It seems like wherever you turn these days you see people at work. Whether they are loading grocery bags, making arrests, removing gallstones or slaughtering cattle, they all have one thing in common: they are all trying to get something done. Yes, nearly each and every person you see working has something that is called a job, and a job is what a person gets when he or she is hired to a company, organization or institution. (One can, of course, give oneself a job, but we will avoid this tangent for the sake of argument.) When someone acquires a job his or her job description describes this job and, consequently, he or she is expected to fulfill something near to what the job description defined.
"Whoa!," you're thinking, "that's complicated!"
But it isn't, really. Basically, if you want to get paid for doing something you need to get hired to do it. It's that simple. You could load grocery bags, but if you weren't hired to load grocery bags you wouldn't get paid. And you might annoy many people while doing it ...especially paid grocery-baggers.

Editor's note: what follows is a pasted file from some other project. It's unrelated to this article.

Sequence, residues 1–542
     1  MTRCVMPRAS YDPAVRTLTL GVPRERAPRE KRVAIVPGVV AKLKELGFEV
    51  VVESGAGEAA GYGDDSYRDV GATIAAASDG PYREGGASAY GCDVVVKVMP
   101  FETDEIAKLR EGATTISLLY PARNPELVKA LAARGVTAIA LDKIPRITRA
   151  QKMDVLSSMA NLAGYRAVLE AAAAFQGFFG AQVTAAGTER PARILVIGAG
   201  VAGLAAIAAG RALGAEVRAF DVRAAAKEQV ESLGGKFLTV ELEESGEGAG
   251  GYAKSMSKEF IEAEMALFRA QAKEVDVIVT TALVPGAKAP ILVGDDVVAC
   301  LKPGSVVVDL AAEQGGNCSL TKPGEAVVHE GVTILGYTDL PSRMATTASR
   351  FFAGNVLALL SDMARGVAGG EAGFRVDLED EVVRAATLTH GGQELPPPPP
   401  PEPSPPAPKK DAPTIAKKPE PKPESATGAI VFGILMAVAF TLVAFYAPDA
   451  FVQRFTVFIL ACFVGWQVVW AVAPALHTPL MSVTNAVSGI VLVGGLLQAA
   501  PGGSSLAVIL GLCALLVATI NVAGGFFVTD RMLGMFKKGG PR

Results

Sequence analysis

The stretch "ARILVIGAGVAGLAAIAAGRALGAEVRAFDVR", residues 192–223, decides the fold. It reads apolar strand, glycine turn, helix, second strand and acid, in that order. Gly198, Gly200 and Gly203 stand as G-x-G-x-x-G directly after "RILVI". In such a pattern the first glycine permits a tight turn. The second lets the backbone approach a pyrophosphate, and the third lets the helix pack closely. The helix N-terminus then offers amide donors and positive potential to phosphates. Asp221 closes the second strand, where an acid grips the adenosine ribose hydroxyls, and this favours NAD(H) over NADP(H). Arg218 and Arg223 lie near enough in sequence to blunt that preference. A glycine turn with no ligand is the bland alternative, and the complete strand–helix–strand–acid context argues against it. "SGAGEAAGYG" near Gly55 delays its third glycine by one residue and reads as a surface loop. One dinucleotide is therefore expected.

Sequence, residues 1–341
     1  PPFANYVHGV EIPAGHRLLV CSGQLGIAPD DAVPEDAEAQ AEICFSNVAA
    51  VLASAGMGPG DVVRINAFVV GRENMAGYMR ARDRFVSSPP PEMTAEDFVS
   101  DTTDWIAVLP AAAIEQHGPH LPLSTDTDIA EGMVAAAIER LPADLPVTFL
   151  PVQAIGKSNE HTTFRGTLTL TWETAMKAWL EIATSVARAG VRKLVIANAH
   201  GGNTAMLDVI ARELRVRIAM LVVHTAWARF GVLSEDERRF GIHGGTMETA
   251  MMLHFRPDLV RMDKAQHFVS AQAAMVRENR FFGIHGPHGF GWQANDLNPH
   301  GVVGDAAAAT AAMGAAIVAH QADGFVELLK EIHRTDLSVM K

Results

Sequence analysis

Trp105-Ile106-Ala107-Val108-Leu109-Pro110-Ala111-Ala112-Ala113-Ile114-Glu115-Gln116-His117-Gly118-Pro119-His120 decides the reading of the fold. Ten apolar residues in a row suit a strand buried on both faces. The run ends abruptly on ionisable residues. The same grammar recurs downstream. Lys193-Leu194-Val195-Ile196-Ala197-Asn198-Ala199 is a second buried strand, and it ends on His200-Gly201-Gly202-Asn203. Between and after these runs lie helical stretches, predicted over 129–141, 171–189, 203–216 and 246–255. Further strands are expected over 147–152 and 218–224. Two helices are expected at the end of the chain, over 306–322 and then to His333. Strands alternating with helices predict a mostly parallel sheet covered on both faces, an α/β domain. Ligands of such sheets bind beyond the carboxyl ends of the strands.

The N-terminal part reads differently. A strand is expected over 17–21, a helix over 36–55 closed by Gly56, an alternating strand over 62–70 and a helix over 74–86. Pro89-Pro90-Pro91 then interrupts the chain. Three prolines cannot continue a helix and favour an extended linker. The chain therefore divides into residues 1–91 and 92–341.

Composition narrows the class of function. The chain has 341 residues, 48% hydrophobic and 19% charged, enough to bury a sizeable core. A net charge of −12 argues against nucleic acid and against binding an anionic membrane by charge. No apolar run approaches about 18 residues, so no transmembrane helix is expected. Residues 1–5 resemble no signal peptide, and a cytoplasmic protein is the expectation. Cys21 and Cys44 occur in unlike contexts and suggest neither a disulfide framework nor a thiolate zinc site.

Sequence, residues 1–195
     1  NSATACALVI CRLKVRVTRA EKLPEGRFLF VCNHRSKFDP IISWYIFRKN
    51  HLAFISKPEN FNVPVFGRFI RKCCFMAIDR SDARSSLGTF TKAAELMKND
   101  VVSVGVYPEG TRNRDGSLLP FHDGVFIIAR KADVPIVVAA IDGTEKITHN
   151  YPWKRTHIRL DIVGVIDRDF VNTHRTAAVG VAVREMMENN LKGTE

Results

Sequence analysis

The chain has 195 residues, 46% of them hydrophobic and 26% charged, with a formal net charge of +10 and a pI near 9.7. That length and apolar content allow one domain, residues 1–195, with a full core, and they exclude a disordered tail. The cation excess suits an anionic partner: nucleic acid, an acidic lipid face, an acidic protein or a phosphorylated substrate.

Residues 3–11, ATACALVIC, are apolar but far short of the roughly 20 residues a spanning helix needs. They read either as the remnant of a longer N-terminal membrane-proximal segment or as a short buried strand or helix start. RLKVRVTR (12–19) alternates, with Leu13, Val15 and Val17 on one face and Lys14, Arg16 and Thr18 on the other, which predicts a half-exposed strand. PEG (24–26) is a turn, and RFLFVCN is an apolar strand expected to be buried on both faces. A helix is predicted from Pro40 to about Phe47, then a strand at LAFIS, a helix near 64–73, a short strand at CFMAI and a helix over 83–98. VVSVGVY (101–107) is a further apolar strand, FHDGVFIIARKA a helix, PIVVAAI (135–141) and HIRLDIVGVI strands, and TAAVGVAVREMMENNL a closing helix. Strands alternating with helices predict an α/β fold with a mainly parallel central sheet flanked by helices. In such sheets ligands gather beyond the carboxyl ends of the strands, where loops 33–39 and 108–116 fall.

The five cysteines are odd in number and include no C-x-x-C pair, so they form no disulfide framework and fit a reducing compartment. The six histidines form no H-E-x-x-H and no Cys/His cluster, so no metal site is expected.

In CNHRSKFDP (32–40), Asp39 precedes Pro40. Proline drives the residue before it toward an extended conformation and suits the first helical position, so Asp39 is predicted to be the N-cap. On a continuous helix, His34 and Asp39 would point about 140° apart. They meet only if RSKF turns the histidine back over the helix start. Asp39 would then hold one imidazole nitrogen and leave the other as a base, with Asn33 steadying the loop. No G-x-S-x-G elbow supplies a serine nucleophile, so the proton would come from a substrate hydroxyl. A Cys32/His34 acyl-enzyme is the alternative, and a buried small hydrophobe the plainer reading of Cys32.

Enough about bagging groceries.
The kinds of jobs we here at the FSRI are concerned with are company jobs, or "corporate" jobs--the sort of job where you go to an office, fill your cup of coffee, find your desk and sit down and turn on your computer. That is the type of job we wish to discuss. Now, there are many different kinds of jobs done at companies, each with their own job descriptions and duties, but most, if not all, of these corporate positions fall under a catagory where our Faking Smart! programs and systems can be fully exploited.
"Do I really need a job?"
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